- as he says savings can cushion economy
Minority Leader and Ranking Member of the Finance Committee in parliament, Dr. Cassiel Ato Forson, is calling for a halt of tax waivers in a bid to save the economy much-needed revenue in the face of current economic challenges.
The economy lost GH¢27billion to tax exemptions between 2008 and 2020, leading to passage of the Tax Exemptions bill last July. It provides for a tax exemption regime in the country with defined criteria for exemptions, and was expected to save the economy GH¢460million in 2022, according to Minister of Finance Ken Ofori-Atta.
However, as the country faces mounting economic challenges, Dr. Ato Forson said government should halt all forms of tax waivers to companies in a bid to raise additional revenue to support the recovery process. This, he explains, is particularly apt given the downturn in economic activity along with rising public expenditure.
“We believe that tax exemptions are becoming too much; and particularly in times like this when the country needs every cedi to save our economy, you cannot continue granting tax exemptions. We believe that the time has come for us to put the brakes on those tax exemptions and raise enough revenue to support the country; we need every revenue to move the country forward,” the Minority Leader said.
His remarks were in response to a question regarding public perception about huge sums that the country loses annually. Dr. Ato Forson noted that even though the country has saved some funds since passage of the Tax Exemptions bill last year, there is a need for further scrutiny to identify gaps in the regime and improve on them in order to save more.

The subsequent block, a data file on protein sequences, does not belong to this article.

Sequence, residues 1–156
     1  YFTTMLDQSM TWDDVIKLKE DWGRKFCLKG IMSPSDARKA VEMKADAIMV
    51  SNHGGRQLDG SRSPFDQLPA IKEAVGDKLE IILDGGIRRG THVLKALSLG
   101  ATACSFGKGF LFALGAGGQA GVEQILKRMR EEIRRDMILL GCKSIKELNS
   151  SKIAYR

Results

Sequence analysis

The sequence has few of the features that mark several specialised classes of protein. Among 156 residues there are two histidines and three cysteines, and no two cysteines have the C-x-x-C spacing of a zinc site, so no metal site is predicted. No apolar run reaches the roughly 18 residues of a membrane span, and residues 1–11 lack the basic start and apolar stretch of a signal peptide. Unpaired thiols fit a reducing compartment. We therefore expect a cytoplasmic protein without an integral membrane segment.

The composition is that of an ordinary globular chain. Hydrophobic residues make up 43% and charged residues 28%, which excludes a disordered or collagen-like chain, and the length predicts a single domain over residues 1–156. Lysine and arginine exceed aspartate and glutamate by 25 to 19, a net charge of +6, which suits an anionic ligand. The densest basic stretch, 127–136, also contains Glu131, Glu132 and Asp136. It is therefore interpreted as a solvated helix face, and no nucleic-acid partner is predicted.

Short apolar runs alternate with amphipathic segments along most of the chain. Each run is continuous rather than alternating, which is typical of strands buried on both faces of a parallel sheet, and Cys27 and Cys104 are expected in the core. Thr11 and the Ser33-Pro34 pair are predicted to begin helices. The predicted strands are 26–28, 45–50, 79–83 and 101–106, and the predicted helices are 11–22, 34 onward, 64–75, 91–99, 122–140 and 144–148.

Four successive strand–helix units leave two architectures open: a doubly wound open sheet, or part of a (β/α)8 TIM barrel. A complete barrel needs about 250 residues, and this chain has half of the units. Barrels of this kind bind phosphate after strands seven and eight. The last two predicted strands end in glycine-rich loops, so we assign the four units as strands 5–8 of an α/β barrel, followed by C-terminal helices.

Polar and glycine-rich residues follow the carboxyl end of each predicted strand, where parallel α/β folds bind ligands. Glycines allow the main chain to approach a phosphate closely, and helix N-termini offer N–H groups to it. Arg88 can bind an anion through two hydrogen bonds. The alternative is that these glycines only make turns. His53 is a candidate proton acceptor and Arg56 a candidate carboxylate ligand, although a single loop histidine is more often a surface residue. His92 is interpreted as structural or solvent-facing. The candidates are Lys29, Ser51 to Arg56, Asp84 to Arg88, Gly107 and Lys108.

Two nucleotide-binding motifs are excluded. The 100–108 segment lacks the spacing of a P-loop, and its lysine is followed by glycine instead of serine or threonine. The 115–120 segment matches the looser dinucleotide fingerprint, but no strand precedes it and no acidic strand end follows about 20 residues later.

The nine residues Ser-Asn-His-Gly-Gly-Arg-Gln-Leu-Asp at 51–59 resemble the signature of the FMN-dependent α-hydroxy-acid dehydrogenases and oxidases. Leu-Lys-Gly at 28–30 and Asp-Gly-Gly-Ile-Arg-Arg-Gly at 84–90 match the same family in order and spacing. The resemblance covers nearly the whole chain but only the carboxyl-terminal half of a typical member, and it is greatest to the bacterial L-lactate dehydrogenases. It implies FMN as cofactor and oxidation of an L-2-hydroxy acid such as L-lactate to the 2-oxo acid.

“We worked with the ministry and led it to get the Tax Exemptions bill passed, so we have a tax exemption regime in place as a country for the first time. And so, you will notice that the finance committee has been very adamant in approving tax exemptions.
“In terms of the savings that the Finance Committee has led parliament to make in terms of tax exemptions, if you quantify it you will notice we have made huge progress as a country. But there is still a lot more we have to do,” said.
“I cannot say that is comfortable enough” he said, adding: “So we will have to continuously identify the gaps we have in the tax exemption regime and improve it going forward.”
Parliament passed the Tax Exemptions bill, 2022 in July last year to provide for a tax exemption regime in the country.
The law sets clear eligibility criteria for tax exemptions and provides for the monitoring, evaluation and enforcement of exemptions to ensure t they are used for the intended purposes.
Finance Minister Ken Ofori-Atta, on Tuesday, July 19, 2022, told parliament that the country lost about GH¢27billion to tax exemptions granted for some businesses between 2008 and 2020.
He noted that in 2020 alone about GH¢1.8billion was lost, the worst recorded for a single year since 2008.
“This brings into focus the need for all of us to protect the public purse. That is an important social re-engineering for us, as we lose revenue on many fronts,” the parliamentarian said.
With the bill passed, Mr. Ofori Atta projected at the time that 2022 would likely result in savings of GH¢460million.
Prior to its passage, the Finance Committee’s report said: “The Committee noted that the bill provides for robust reporting requirements and mechanisms to ensure efficient and effective use of exemptions”.
The report also noted the committee was informed during its considerations that tax exemptions create significant difficulties for developing countries, and run counter to the objective of strengthening domestic resource mobilisation.